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quicker to invest in new technologies and adopting

smarter ways of working will be the 3PL companies leading the field in 2020...”

improve efficiency in areas linked to

seasonal trends and the demands of flexible operations. Shared data will allow the traceability of an item in the supply chain.

8. BETTER MANAGEMENT While commercial success will largely depend on staff, an all-encompassing WMS will encourage better employee management. Staff will be more accurately measured against KPIs from time per task, picking routes and over/ under performers to staffing levels required for specific orders and picks.

9. GLOBALISATION In 2020 the world economy will be more integrated and 3PLs will be expected to work on a larger scale with a distinctly global outlook. Distribution will expand globally with more opportunities opening up in other parts of the world including the Far East and South America.

10. SUSTAINABILITY As businesses identify new ways of working to increase efficiencies, sustainability will impact on the buildings and equipment used by 3PL companies which will look to green-friendly technology to deliver efficiency savings in areas including energy consumption and transport costs. Expect companies, even direct competitors to share transport in order to reduce overheads including fuel and maintenance costs. The 3PL industry will face many

challenges in the future but by 2020 the sector will have grown dramatically, largely due to the massive expansion of emerging global markets. Technology will continue to be vital to the sector, mobile devices and business intelligence solutions playing a big part in streamlining the industry. Those firms that are quicker to invest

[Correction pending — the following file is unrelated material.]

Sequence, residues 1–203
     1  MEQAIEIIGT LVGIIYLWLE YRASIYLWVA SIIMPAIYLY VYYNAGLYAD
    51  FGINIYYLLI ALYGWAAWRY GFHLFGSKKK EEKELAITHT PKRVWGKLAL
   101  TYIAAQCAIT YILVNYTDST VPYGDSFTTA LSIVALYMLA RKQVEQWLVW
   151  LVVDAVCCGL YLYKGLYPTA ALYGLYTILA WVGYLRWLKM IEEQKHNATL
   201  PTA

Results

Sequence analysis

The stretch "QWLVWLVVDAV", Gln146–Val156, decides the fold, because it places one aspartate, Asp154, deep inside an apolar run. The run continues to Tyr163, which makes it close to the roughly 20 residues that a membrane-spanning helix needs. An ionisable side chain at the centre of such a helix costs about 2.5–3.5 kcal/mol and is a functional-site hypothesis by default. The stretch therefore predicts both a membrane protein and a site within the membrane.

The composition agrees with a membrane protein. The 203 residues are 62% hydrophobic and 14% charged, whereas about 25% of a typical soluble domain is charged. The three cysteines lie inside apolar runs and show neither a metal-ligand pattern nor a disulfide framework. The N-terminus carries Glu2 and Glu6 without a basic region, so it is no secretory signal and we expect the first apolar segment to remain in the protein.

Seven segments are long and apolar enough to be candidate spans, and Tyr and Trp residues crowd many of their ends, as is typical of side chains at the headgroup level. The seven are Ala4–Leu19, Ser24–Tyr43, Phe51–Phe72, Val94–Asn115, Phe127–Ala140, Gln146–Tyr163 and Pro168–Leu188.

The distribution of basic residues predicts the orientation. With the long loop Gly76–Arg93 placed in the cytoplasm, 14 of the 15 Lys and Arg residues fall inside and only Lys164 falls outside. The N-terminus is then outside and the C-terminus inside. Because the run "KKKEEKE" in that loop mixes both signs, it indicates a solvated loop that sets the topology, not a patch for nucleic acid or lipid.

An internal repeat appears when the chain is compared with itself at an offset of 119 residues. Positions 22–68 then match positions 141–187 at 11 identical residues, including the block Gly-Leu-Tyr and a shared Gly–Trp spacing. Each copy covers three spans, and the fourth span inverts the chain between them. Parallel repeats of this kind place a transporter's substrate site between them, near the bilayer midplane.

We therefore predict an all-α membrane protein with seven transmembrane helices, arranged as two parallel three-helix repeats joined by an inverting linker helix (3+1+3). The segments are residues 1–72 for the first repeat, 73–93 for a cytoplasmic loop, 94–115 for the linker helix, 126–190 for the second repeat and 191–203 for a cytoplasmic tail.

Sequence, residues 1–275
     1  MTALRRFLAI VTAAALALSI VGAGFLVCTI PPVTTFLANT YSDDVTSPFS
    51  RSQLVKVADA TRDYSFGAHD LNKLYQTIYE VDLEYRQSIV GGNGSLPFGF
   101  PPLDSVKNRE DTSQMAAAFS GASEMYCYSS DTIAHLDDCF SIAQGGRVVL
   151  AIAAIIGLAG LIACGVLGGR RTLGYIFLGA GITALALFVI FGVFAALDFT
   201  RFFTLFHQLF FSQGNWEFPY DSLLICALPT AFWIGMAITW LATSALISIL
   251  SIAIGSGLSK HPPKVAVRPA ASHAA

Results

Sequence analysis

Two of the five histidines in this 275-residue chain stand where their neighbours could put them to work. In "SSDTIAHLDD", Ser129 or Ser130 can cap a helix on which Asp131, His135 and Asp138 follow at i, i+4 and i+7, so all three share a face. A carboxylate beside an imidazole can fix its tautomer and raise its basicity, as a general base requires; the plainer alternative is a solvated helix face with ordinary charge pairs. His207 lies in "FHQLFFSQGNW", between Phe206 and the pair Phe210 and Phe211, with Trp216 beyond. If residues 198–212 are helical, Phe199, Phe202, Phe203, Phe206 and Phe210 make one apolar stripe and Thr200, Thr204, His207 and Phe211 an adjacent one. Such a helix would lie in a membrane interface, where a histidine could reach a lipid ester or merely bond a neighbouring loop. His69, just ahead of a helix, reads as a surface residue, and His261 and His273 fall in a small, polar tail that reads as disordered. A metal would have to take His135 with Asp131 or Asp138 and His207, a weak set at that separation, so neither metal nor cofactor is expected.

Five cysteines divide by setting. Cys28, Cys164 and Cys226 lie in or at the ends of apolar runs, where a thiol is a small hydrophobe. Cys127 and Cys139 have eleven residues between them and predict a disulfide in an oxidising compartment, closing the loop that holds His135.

in new technologies and adopting smarter ways of working will be the 3PL companies leading the field in 2020.

Advanced Business Solutions T: 0845 1606162

Enter 350 S10 MARCH 2014 | MATERIALS HANDLING & LOGISTICS / MATERIALSHANDLINGLOGISTICS Roger Williams UK’s 3PL sector prepares for growth

More than half (51%) of UK third party logistics (3PL) companies expect to invest more in equipment, people and premises in 2014 than they did in 2013. This was one of the findings of 3PL 2013 - a survey of warehouse operators undertaken by the United Kingdom Warehousing Association (UKWA). The anticipated upturn in investment

among 3PLs will clearly be welcomed by suppliers to the industry and reflects a renewed sense of optimism across the logistics sector. The majority of respondents (53%) expect to see their investment in information technology increase next year while 49% are preparing to spend more on their vehicle fleets. Extra staff (47%), bigger premises (47%) and materials handling equipment (39%) are areas where respondents predicted that they will spend more. Only 10% foresaw a decline in their year-on-year spending. The sector’s investment plans are

matched by a confident attitude toward the likely direction of company turnover in 2014 with 55% anticipating an increase; 33% thought their turnover was likely to remain unchanged while 12% expect a fall. The survey showed that in 2013 most